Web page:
Why would anyone voluntarily endure the torture of having their breast skin stretched unmercifully just to have bigger breasts? I ask myself this each time my surgeon "inflates" the expanders that sit like small exercise balls inside my once lovely boobs. Of course, I can't deny that I enjoy looking down and seeing a nice cleavage. But, the torture that one has to endure to get it -- hmmm, these babies better be GORGEOUS when this is all done. May 26 the expanders come out during surgery #8, and the implants move into their new home. YAHOO!!!
I returned to work full time about 3 weeks ago. It was a challenge to sit upright 8 hours a day with all the stitches in my back, and the weak back muscles. But I survived.
Something I did not expect, however, was the PTSD (Post Traumatic Stress Disorder) that showed itself to me about a week and a half back to work. Over the past months, since early July, I was deeply involved in the process of diagnosis, treatment planning, treatment, a new job, surgeries, surviving chemo, keeping my head warm, keeping my brain functioning as I learned a new job, and just staying mentally and physically strong. You get the idea.
What I didn't really deal with is the big "C" word -- I have cancer. Of course, I was comfortable knowing that my team of health care providers were working with me to do everything possible to get rid of that devil living in side of me (which I am quite certain is gone), and setting me up with the tools to insure that it wouldn't come back. But, that doesn't change the fact that I am now a member of a very unique club -- a survivor of breast cancer. It changes things a little -- our futures are not predictable by any means, and I'm a control freak who has to know what is happening tomorrow. Now, I realize what people mean when they say "live for today, make it the best, and worry about tomorrow when it gets here." I spent about 1 day feeling angry, depressed, scared, and helpless -- what happens if this comes back when I am older and I don't have this same level of strength. The answer: I will deal with it, if and when I have to.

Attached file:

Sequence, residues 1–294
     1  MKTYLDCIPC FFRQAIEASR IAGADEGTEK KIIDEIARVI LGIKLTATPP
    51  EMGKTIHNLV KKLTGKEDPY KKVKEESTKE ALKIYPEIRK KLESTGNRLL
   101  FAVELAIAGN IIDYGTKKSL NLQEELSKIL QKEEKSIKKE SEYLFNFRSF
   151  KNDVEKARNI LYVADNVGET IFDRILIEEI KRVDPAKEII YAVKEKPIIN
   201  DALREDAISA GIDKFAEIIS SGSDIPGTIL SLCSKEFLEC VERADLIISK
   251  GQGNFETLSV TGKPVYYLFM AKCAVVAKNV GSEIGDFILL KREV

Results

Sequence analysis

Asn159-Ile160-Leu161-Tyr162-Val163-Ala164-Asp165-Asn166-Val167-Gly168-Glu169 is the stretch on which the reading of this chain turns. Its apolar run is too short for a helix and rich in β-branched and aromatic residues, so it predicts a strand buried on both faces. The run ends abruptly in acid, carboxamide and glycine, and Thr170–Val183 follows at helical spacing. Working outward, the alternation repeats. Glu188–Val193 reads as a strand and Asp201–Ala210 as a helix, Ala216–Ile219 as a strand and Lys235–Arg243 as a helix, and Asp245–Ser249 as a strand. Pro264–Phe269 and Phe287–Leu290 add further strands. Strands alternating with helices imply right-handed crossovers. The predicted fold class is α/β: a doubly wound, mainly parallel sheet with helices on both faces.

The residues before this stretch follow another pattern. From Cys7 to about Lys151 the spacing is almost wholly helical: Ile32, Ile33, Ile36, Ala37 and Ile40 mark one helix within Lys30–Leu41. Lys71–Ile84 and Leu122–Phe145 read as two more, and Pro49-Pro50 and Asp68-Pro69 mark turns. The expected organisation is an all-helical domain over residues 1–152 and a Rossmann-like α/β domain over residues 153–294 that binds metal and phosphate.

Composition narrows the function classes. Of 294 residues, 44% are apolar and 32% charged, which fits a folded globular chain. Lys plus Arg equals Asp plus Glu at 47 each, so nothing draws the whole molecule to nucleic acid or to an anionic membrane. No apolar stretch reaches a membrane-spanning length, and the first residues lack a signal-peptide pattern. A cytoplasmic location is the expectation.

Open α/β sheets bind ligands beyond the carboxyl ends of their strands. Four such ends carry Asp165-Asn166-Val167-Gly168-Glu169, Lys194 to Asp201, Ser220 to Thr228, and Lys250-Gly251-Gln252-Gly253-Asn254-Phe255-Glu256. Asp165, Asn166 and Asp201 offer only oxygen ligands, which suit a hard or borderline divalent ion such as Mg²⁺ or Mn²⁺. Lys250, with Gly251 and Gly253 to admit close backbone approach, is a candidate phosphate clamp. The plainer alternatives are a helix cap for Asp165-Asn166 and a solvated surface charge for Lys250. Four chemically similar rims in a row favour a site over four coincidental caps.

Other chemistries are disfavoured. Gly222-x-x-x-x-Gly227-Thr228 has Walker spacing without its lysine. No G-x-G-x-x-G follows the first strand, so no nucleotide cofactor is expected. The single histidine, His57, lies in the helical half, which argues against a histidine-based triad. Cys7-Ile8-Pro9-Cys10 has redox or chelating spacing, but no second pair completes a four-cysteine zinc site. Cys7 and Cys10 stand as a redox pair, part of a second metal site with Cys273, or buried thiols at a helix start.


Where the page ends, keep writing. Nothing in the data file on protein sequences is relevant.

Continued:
Today I got "good" news -- my cancer tumor had some estrogen positive receptors -- that means that I can add another pill to my regimen if medications, vitamins, and herbs -- Arimidex. Why good news? Because in addition to the Herceptin, which targets the Her-2/neu positive cells which duplicate rapidly, Arimidex works to repress estrogen which could feed estrogen hungry cancer cells. My chances of non-recurrence increase by another 50% (how does one calculate that -- 97% chance of non-recurrence before, 50% better chance with Arimidex).
I'm back to the gym -- and I never thought I'd say "hooray" to the gym! It feels great ... still a little stiff in the back, but I'm doing it.
I'm active at work -- keeping busy during the week handling cases that involve kids and their special needs is a good thing.
MY PET PROJECT -- HELP YOUNG ADULTS IN ARMENIA
HAVE A BETTER LIFE
HAVE A BETTER LIFE
I'm back to organizing and planning for the opening of House of Hope - Mer Hooys, in Armenia. See more about this wonderful program at our website.
Even though Armenia has its problems with politics, economy and government, the children of Armenia deserve a chance at a decent lifestyle -- and, if we give them the right training and opportunity, hopefully one day they will lead the country to a better future. We are lucky to be born in this country, and to have a roof over our heads and food on the table. Lots of kids in Armenia aren't so lucky.
Please help me in making a difference in their lives